In 1991 The Queen Elizabeth II Bridge was opened. The PFI scheme allowed DRC Ltd a 20 year concession to collect revenue, although this could be ended early once debts were repaid. Under the scheme, some parties had expected that the government of the time would scrap the toll once the debt had been repaid and a suitable maintenance fund had been accumulated[4], which was deemed to have occurred on 31 March 2002.

A fee was retained however under the new principle of Road User Charging, which had been introduced in the 2000 Transport Act as a means of using road pricing for controlling traffic congestion and funding local and national transport schemes. Under this act, the A282 Trunk Road (Dartford-Thurrock Crossing charging scheme) Order 2002 allowed the continuation of the crossing fee, which officially became a charge and not a toll on 1 April 2003. At the same time, under the terms of the 1988 Act the DRC company was liquidated and management of the crossing was contracted to Le Crossing Company Limited on behalf of the Highways Agency. Under the new user charge regime, Le Crossing collects the charges which are set in statutory Charging Orders under the 2000 Act, with the revenue passing in full to the government for redistribution, and annual public accounts of the operation published showing expenses/revenues of the crossing.

For the period of April 2007 to March 2008, a total of 53,240,629 vehicles used the crossing, at a daily average of 145,466 vehicles[5] . This represented a fall back to pre-2002 levels, from averages approaching 150,000 since the turn of the millennium[5]. The highest recorded daily usage was 181,990 vehicles on 23 July 2004[5].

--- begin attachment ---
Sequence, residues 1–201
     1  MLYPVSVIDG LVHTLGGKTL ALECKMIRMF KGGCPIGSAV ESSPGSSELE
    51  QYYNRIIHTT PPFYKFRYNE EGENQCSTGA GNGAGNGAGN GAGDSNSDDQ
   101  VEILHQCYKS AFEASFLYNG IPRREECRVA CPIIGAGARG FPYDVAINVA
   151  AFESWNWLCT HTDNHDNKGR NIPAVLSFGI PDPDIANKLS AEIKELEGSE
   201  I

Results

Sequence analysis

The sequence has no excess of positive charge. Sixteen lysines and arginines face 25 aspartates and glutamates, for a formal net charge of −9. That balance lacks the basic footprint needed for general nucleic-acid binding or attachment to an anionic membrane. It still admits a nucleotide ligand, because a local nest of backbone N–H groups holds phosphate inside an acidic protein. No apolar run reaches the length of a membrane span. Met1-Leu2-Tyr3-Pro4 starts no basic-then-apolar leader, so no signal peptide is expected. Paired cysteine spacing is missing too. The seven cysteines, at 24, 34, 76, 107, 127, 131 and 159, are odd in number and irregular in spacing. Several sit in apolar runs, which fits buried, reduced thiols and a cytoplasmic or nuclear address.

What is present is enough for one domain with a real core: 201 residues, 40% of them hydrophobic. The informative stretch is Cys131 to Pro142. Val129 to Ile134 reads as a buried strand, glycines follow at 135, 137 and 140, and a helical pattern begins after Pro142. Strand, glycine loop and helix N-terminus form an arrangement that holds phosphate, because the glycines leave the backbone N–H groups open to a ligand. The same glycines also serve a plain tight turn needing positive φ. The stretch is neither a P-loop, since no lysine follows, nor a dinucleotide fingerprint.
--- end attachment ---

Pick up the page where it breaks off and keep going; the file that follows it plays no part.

On the 13th of September 2009 the contractors of the Dartford River Crossing (Le crossing) changed to Connect Plus M25, which again is made up of a consortium of Atkins, Egis, Skanska, and Balfour Beatty.

Charges and DART-Tag

The DART-Tag.

The charge payment booths for both directions of travel are located on the south side of the crossing. Charges can be paid in cash or through a pre-paid DART-Tag.

The cash charges vary for the type of vehicle, falling into standard categories for cars, larger two-axle vehicles and larger vehicles with more than two axles, but are free for motorcycles.[6] Cash can be collected in person at a booth, or dropped into an automatic hopper, although the hoppers do not accept 1p and 2p coins. Under the 2008 Charging Order introduced on 15 November 2008, charges between 10pm and 6am were scrapped, although standard daytime rates increased (from £1 to £1.50 for cars).

The DART-Tag is a device that enables drivers to pass the payment booths without having to pay cash, and provides discounted charge rates. Normally inserted into a holster that is stuck to the inside of a vehicle's windscreen, it is detected by sensors at the payment booths and automatically deducts the charge from the driver's pre-paid account. People who use this pre-paid system save money per trip. The prices for a DART-Tag account holder are £1 for a car per crossing, £1.75 per trip for a van (a vehicle without windows behind the driver's or passenger's seats) and £3.20 for a multi-goods vehicle. Although the DART-Tag device is free and available to anyone, the tag remains the property of the Dartford Crossing and if lost/stolen or damaged would be charged for.

On 15 November 2008, a local residents' scheme was introduced for car drivers resident in the Dartford and Thurrock council areas. For an annual registration fee of £10, they are entitled to 50 free crossings and additional crossings at 20p.[7]

Failure or refusal to pay the charge is a criminal offence under section 22 of The Dartford-Thurrock Crossing Act 1988.

Non-motor traffic

Pedal powered cyclists and pedestrians are allowed to use the crossing for free, and are conveyed with their bicycles across the crossing in transport provided by the tunnel authority.